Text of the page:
Tianjin authorities initially claimed that just 14 people had died in the blasts, but quickly raised that figure to 44 as the scope of the explosions became apparent. According to the SCMP, a Tianjin police source claimed that officers had been instructed to remove bodies from the scene so they were not added to the official death toll.
The CCP’s propaganda department allegedly held a meeting with selected media less than a week after the explosions, at which state journalists were encouraged to look into Rui Hai International Logistics. The SCMP’s source stated: “The top leadership of the party was dissatisfied with how the Tianjin authority handled the blasts at first, and that’s why we have state media digging into the company.”
Coverage of the disaster has been tightly controlled by the regime, with 50 websites and hundreds of social media pages shut down or censored for raising questions about the explosions. The censorship has failed to prevent widespread discussions of the blasts, however. It is estimated that one hashtag related to the disaster on the Chinese Twitter-equivalent Sina Weibo has been viewed 3.32 billion times.
A major factor in the mounting anger over the Tianjin disaster is broad recognition that the conditions that led to the explosion exist in cities throughout China.
Last week, Greenpeace identified warehouses storing dangerous chemicals close to residential areas in the major port cities of Guangzhou, Shanghai, Qingdao and Ningbo. Other warehouses operated by the state-owned Sinochem group store dangerous chemicals in Tianjin in proximity to highways and children’s kindergartens. In an attempt to quell concerns, Chinese authorities are conducting “inspections” at chemical factories and warehouses throughout the country.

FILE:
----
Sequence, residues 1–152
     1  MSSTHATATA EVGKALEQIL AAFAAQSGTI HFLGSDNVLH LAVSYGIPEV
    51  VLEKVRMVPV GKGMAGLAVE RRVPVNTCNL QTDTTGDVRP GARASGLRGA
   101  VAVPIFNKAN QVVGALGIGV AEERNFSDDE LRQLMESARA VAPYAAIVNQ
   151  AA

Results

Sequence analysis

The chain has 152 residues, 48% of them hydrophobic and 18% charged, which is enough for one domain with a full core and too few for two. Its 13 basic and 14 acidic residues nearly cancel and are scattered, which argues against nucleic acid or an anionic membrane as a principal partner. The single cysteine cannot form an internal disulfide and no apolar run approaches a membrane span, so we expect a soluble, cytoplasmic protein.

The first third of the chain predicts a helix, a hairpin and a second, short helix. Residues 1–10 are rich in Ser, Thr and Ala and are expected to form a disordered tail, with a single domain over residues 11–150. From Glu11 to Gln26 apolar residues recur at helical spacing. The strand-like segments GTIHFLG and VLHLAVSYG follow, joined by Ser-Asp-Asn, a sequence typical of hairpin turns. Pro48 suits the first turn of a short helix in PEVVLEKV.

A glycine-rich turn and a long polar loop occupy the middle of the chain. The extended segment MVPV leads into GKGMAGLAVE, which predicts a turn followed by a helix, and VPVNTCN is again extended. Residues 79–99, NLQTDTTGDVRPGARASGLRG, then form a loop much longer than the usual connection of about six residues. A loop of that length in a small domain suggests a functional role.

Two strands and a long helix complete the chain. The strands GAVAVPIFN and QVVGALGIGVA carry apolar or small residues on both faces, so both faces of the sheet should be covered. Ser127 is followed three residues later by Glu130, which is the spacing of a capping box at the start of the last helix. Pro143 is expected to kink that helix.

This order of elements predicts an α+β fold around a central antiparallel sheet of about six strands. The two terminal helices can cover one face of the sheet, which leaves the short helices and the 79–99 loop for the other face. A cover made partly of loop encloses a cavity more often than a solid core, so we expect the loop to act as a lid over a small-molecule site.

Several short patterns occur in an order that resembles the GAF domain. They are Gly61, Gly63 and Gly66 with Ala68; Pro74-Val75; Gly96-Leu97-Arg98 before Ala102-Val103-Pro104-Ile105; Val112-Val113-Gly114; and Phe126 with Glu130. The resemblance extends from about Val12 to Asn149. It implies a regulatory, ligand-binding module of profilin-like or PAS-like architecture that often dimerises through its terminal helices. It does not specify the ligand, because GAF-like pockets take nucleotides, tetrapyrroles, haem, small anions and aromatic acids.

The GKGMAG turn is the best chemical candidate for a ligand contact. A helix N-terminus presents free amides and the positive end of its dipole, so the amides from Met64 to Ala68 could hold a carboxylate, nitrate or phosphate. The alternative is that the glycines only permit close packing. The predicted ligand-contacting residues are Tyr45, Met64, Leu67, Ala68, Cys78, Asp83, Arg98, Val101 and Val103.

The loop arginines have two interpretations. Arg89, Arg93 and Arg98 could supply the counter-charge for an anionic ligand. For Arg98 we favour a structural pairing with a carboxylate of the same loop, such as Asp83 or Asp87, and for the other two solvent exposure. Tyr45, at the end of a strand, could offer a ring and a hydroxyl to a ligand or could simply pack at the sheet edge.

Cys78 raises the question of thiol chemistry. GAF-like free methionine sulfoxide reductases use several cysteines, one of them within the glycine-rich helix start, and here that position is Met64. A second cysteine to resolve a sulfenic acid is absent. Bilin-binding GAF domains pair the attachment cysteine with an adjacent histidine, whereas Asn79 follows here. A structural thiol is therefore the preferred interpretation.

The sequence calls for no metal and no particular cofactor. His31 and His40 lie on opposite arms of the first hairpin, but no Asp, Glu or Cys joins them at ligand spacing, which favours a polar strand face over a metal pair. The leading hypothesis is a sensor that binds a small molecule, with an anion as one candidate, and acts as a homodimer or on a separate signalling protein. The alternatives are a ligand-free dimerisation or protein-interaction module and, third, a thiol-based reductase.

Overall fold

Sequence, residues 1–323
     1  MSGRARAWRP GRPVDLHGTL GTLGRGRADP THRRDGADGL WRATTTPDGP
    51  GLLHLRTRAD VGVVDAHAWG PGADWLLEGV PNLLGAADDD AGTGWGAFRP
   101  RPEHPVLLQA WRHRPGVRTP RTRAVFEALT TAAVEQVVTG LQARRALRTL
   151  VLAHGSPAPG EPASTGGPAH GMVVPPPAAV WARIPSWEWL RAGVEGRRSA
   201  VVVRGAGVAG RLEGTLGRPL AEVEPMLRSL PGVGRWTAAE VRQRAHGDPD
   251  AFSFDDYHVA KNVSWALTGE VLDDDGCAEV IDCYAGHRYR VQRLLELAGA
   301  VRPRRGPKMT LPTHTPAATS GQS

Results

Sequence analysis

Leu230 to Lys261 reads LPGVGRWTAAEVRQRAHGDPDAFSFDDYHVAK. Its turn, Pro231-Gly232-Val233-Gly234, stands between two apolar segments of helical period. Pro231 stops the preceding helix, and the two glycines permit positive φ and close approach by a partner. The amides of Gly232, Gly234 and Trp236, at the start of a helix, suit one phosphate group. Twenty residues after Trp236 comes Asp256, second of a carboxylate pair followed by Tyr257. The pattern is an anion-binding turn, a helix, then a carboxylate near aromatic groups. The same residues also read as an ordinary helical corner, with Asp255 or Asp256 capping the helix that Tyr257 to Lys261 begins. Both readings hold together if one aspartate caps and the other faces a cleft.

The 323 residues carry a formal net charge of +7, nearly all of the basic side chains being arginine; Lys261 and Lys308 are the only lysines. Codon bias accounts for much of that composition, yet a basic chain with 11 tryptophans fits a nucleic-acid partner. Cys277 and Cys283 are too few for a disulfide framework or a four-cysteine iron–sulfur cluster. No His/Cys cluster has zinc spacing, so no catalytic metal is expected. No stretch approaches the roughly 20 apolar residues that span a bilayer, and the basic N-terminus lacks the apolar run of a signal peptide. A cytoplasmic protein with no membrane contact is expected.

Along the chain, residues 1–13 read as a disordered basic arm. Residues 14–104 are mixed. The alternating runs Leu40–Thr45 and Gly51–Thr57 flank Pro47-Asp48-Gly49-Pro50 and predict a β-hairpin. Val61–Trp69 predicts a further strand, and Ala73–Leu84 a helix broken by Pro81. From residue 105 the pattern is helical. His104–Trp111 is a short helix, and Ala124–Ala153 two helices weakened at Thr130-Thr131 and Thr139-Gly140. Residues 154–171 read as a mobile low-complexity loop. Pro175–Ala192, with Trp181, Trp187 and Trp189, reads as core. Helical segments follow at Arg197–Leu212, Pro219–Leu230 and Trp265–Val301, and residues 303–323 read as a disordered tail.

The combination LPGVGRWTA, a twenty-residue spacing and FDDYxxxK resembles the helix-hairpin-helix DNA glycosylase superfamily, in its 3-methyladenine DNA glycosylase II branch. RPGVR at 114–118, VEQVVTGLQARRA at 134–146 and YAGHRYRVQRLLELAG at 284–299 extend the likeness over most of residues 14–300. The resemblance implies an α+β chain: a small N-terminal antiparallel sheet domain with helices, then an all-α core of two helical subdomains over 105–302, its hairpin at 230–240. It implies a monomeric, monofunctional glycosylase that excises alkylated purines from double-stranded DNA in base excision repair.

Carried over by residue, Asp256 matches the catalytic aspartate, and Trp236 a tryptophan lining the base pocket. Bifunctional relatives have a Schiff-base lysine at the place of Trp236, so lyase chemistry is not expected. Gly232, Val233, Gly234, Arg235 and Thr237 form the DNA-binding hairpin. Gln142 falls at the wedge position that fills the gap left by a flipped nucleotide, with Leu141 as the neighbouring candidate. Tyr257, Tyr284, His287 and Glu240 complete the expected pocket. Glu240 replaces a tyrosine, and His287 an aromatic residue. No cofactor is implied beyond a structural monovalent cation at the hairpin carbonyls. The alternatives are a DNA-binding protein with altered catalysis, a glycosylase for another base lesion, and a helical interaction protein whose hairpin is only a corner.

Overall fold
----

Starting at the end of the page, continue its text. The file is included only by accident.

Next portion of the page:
At the same time, the regime is seeking to damp down outrage over damage to apartments and homes in Tianjin, which has been the subject of ongoing public protests. China Daily reported on Thursday that official inspectors have given 11 of the 12 worst-affected apartment blocks in the Tianjin Binhai New Area the highest safety rating, and claimed that their structural integrity was sound.
There are also widespread fears over the health and environmental implications of the disaster. Last week, it was discovered that water near the blast’s site contained 350 times the standard level of cyanide. Thousands of dead fish also washed up on the city’s shores. Contaminated dirt from the site will reportedly be moved to an enormous container some four kilometres away.
On Friday, China’s Environment Minister Chen Jining pledged continuous checks on pollution in the city. Attempting to allay concerns over the limited information provided to residents, Chen declared that his ministry would “release monitoring data to the public in a timely manner and accurately.”
Underlying the CCP’s nervous response to the Tianjin disaster is the deepening crisis of the entire regime. The ongoing economic slowdown and unprecedented turbulence on the country’s super-inflated stock markets, together with the growing gulf between rich and poor, is raising questions about the political legitimacy of the regime and the entire existing set-up in the minds of millions of Chinese workers and sections of the middle class